The latter part of last summer was hot and droughty in Westminster. I went to look at a garden, locally, on top of a windy hill that is quite exposed to the worst of winter’s harshness. Included was a small rose garden. Due to the weather and some neglect, all of the roses looked poor, except blooming tea balls  one. This was a yellow hybrid tea, fully foliated and loaded with buds about to unfurl, still bearing the remnants of what was obviously a heavy spring and early summer bloom. It had about eight husky canes and stood every bit of 5 feet tall. As a class, yellow hybrid teas tend to be the most difficult of all. In general they don’t have a strong constitution. They seem particularly prone to winter kill. For years I have been searching for a good yellow hybrid tea and to stumble across one so serendipitously is truly amazing. The homeowner said the rose was about three or four years old and that this was her best rose; so easy to grow and so reliable. With some investigating the rose turned out to be Aperitif, not budded but growing on its own root. Aperitif is a recent introduction from New Zealand. We checked further and found that in just a few years, Aperitif has developed quite a worldwide reputation for vigor and reliability.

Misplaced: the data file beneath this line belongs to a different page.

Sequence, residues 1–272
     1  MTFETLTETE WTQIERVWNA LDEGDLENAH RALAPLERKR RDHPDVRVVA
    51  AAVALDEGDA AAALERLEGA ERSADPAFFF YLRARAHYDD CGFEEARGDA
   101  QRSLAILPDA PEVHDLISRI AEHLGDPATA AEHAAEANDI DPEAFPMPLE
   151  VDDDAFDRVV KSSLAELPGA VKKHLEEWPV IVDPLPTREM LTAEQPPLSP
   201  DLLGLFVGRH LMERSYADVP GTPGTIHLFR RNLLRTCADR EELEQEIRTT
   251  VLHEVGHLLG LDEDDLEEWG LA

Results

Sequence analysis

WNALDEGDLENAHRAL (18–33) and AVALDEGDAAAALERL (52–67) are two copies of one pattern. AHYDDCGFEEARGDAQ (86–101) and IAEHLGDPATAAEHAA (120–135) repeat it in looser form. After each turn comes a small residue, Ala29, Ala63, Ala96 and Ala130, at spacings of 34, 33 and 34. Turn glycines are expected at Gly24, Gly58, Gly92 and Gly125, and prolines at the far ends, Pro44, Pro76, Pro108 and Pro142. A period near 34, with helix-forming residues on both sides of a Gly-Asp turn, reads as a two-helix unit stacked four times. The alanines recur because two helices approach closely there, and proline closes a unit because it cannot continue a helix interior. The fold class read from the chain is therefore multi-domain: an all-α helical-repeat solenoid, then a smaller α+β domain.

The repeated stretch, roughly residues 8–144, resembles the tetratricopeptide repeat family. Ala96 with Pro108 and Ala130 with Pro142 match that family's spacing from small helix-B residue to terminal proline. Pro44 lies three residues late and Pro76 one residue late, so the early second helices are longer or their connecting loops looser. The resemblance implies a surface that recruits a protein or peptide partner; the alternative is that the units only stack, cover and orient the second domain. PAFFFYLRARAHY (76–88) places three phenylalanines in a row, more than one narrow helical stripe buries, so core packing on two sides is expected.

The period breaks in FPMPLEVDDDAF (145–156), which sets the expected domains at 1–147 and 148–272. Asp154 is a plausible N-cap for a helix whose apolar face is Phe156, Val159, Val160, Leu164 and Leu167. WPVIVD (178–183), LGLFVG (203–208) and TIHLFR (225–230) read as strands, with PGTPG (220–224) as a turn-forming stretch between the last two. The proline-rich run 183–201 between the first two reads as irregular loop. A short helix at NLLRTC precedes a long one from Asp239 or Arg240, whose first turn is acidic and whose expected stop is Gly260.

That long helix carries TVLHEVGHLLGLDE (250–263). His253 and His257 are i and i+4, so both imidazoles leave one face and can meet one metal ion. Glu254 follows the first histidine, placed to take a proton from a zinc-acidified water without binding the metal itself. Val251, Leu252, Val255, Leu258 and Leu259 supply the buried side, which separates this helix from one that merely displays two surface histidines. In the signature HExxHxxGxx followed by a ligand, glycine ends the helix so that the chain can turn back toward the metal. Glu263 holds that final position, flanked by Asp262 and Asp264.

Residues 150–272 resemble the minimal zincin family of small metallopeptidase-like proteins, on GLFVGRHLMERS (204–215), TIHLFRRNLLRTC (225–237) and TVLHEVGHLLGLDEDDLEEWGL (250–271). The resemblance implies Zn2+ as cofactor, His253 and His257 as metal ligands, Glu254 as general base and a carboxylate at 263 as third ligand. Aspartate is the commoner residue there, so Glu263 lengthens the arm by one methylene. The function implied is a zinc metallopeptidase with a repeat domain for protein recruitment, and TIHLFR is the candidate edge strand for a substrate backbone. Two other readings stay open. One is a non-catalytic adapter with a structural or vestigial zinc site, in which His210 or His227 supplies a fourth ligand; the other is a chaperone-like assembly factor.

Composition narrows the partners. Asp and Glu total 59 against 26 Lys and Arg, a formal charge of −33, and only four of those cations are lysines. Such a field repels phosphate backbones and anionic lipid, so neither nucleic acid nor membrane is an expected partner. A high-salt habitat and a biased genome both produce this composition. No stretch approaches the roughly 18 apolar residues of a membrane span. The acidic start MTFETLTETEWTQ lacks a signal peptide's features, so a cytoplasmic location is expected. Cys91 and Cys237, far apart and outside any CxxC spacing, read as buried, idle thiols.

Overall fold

Aperitif has glowing, well-formed, yellow blooms on long, strong stems. The four and a half inch blooms are exquisite, with up to 30 petals and a light fragrance. The long stems, which will reach 18 to 22 inches, make Aperitif an exceptional addition to floral arrangements. The bush is very vigorous and will grow easily in the garden, reaching a height of 60 inches. The glossy, medium dark foliage is quite disease resistant.

 

Home Grown Chamomile Tea